Today’s lesson evolved from a single question raised in Chuck Klosterman’s Sex, Drugs and Cocoa Puffs, which a good friend of mine gave me as a going away present before I moved to Europe and which my cousin in a large Canadian city finished reading this morning.
The question: You have won a prize. The prize has two options, and you can choose either (but not both). The first option is a year in Europe with a monthly stipend of $2,000 (US in 2003). The second option is ten minutes on the moon. Which option do you select?
We vehemently disagreed on the answer, which is unusual for us, so we did the most logical thing to settle this question; we took it to Facebook, which, naturally, led to four hours of debate between my friends, her friends, and our collective friends over which we would choose and why. The reasoning ranged from food and wine in Europe to how much sex one could have by mentioning having been on the moon, from broke students who just want the money to absorbing the beauty of the cosmos, from rocket sickness to historical reasoning. In the end, I think the answers came out even. On my end, it led to a discussion with a close friend about how she would choose Europe because 10 minutes on the moon was not enough time to prove the existence of the dark side of the moon, to which I replied. How do you need proof? It’s the science of orbits.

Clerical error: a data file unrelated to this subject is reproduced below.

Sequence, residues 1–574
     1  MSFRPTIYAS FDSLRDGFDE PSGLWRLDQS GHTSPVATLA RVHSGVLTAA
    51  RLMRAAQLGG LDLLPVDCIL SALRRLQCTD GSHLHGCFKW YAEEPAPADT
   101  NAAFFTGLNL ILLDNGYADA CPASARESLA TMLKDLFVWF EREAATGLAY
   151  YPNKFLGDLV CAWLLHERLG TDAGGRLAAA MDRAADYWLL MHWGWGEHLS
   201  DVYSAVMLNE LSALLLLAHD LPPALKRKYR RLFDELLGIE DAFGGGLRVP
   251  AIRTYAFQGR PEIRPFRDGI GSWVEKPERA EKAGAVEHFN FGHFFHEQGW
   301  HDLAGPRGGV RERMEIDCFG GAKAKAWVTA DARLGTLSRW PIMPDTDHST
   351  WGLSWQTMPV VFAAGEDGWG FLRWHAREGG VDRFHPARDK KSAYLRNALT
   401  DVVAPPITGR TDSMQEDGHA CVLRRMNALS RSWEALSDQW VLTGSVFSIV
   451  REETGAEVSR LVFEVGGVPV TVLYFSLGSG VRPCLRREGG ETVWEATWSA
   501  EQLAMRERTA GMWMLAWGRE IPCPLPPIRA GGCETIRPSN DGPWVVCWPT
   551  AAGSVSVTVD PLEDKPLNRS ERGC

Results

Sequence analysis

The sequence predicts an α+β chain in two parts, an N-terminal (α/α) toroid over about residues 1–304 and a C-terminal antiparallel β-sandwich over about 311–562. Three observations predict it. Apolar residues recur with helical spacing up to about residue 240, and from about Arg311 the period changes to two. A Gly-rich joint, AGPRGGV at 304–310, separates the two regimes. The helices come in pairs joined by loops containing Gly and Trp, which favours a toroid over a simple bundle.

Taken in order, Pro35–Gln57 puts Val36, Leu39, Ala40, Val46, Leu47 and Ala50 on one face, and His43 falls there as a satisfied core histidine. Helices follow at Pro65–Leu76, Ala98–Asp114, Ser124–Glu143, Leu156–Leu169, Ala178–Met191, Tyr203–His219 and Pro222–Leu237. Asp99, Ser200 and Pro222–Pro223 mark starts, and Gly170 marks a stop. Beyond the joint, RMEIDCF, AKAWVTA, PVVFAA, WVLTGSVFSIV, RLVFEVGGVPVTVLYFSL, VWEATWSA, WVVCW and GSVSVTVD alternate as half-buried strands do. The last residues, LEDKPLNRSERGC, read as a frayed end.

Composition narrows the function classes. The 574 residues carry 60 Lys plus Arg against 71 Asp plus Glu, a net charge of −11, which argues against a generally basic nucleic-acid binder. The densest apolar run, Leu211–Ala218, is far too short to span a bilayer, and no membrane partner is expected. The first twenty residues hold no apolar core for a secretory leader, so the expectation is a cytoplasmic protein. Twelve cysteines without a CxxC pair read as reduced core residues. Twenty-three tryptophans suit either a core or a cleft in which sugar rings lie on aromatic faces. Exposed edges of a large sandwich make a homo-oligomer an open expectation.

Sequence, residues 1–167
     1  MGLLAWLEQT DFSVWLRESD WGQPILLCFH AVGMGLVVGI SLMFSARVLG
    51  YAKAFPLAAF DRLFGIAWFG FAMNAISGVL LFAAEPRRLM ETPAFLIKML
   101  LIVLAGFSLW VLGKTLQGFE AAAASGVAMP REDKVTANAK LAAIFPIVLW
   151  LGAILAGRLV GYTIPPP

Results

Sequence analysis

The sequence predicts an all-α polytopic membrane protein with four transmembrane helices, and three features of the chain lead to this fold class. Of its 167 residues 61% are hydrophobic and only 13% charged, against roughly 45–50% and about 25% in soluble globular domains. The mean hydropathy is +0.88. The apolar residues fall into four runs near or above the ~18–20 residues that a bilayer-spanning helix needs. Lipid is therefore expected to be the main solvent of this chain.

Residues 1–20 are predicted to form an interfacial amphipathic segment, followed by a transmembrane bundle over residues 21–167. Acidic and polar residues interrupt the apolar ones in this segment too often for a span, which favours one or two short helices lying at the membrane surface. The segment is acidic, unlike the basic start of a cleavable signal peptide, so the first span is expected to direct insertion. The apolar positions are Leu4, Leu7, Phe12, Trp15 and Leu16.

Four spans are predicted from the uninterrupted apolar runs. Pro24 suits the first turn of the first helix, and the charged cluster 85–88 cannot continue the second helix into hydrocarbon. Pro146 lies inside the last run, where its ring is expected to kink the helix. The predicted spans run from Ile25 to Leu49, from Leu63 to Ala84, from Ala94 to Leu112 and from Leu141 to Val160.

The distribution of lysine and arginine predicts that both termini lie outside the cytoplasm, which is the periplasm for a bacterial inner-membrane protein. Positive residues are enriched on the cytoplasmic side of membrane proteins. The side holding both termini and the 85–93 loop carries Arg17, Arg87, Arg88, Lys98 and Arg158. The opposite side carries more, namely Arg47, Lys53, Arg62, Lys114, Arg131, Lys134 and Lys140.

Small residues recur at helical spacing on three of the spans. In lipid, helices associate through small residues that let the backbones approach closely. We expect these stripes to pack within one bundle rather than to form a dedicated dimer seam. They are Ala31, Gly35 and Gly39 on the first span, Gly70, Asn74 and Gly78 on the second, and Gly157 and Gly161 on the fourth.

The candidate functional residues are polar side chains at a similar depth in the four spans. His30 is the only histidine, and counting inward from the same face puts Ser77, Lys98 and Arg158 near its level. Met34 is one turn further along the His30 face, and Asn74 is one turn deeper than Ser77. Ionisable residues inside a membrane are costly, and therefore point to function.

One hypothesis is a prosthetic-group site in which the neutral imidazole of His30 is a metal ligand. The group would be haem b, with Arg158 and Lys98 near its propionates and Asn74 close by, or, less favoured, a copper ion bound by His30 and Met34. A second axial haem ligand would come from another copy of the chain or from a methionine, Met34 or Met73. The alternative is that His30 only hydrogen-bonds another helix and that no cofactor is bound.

Turns out, though, that the dark side of the moon — though my scientific understanding of it was accurate in that it is the side of the moon that never faces the earth — is not actually always dark. Just like the earth,** the far side of the moon — its official term — is in darkness half the time and in light half the time. When we have a new moon, the far side of the moon is completely lit; when we have a full moon, it is, well, the dark side of the moon.
Two random pieces of information: the first photographs of the far side of the moon was made in October of 1959 by the Soviet probe Luna 3. The first humans to see the far side of the moon were the astronauts of the Apollo 8 mission in December of 1968 — the success of which, incidentally, led directly to the Apollo 11 mission.
Oh, and my answer to the question? I’d go to the moon.
**I really could have figured this out on my own if I’d considered it for more than two seconds, but really I blame Pink Floyd.